Books in Progress, Story, Writing

Mapping a Memory


Luckily, the Google people are about finished roaming every passable thoroughfare in the western world. By its industry, I’ve roamed such disparate lands as Belgian woodland (rumored to contain abandoned cars from WWII), Chinese riverbanks (until the roads ran out), French sea coast towns (where I’ll live someday), and what parts of Australia that are mapped (because my brother and sister-in-law honeymooned there). My favorite pastime, though, is exploring virtually the places I’ve been, and the surrounds where I did not venture. I get to open up my map of a place, without having the cash to do so in person. Some people go to Youtube for their rabbit hole; I go to maps.

I have always loved maps. My wall is adorned with maps of Europe and details of cities. Cut outs of Denmark, Malta and Munich are découpaged onto a mail-sorting box on my shelf. Sheaves of old leaflets outlining river cruises on the Rhine and the Seine are sorted into envelopes for future collages. I gravitate to the atlases at the second hand bookstore and search out defunct Eastern European borders for my own amusement. I draw detailed maps, like for my honeymoon intinerary, complete with contact information hovering above. I’m very visually oriented, and can keep track of a lot of information, if I know where a place is.

I’ve sewn a skirt with a patchwork of a map for my burlesque dancing class, with borders, and with sequins that demark towns. A huge cluster of crystals for Paris and Vienna for instance, but singles or trios for Bern, Calais, and Venice. My character in that show was an international spy of unknown origin, and she contained her map in the skirt lining. This rather describes what I feel about my social persona, as well. I keep up a good song and dance, but really, I am holding my need to travel under wraps until I can, someday soon, reveal my true passion.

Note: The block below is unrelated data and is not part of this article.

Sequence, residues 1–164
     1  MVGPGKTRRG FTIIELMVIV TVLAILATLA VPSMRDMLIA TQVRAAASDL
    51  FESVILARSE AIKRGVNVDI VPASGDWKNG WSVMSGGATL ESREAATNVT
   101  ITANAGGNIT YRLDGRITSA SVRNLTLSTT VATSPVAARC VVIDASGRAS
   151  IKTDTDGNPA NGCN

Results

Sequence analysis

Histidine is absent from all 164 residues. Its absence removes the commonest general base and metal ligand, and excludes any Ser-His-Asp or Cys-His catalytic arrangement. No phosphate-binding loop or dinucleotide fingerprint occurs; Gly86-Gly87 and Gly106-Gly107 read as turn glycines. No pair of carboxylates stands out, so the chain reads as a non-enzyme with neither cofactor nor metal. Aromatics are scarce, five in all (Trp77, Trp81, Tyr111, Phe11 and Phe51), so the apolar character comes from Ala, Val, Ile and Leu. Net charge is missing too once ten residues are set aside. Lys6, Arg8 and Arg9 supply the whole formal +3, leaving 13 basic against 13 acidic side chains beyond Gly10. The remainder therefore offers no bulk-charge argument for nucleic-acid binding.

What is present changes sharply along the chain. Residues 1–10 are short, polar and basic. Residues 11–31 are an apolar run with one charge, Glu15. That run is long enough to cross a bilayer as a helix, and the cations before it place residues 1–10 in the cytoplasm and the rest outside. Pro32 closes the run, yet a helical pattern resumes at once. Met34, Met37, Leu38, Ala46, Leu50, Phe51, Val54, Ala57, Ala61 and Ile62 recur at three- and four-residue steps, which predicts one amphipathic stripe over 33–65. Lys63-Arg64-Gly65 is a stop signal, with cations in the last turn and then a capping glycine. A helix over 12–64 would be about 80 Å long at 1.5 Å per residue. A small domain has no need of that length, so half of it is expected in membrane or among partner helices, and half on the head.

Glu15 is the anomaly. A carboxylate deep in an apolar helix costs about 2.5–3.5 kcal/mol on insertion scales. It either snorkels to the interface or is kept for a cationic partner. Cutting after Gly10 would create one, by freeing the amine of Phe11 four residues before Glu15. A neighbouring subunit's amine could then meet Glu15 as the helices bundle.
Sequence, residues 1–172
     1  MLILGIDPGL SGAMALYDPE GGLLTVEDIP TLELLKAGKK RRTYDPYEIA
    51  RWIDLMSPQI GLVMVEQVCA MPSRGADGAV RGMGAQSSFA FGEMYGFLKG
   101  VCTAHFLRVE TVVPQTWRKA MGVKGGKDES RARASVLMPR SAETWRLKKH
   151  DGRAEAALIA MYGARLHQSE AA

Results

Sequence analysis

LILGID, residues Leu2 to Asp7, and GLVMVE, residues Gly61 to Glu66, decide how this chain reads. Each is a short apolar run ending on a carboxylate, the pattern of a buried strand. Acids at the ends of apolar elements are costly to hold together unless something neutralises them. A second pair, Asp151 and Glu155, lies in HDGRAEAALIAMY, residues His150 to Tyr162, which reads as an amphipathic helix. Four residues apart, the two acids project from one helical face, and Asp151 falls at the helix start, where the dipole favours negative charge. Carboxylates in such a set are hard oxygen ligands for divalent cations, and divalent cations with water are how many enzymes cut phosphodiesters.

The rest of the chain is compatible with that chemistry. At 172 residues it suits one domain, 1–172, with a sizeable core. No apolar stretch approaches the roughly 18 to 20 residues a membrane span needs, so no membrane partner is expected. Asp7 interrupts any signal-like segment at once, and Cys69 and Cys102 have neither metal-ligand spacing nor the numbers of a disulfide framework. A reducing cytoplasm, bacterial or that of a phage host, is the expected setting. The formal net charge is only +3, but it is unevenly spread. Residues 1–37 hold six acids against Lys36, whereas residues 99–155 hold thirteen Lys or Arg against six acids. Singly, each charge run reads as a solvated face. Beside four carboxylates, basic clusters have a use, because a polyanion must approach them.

Googlemaps is the best program ever. The streetview is my favorite feature, so I can go driving around the country without a car, or a care in the world. At night, particularly, I partake in a streetview tour. I can waste hours! Today, I looked up a friend’s address in order to write a postcard. And I wandered the streets I used to walk when I lived in his rooms for a while. When I finally saw the familiar blue door, I zoomed in and plucked out the number, et voilà, the remainder of the numbers show in the address directions window. Then I can take a walk around in changing weather, seeing how the construction of a wall, or changing of a storefront compare to what my memory held. If I forget how I got from place to place, I can wander the streets until I remember. But places you can walk are not always places the camera could have traversed. It can’t take me down every wynd, or go up one way streets the wrong way, for instance, so there is a small limitation.

Often, I remind myself how far I’ve walked, because I can look up the mileage between places I frequented. The route I took to get to the west end from Stockbridge, and the various roads through which I got lost in doing it. Upwards of 1.4 miles uphill. If I walk 1.4 miles in Los Angeles, I am barely in the same neighborhood. In Edinburgh, the distance afforded you a change of almost 4 neighborhoods of four different characters.

My favorite fantasy was along that route. My future house—I stopped in awe to look for minutes at a time at a set of windows off Moray Place, much like any other windows in a gray Georgian block. “That’s my place,” I’d chant to myself. I don’t know what exactly drew me, but it must have been the way the sun hit it, or the aspect of SSE direction. Maybe it was because the side was the face, and the door was about half a level lower than its front-side neighbor’s door. A thing slightly “other” than usual. The back half of the block is a storey lower than the front, so a back garden is sunken, and another flat’s door appears. This looks like a block where the neighbors keep a pretty flower garden, and have tea parties amongst their well dressed children. Definitely not my desired lifestyle—I am still puzzled as to why I may be interested in such a place! Yet, over and over, I pinpoint it in Google and visit, as I had before.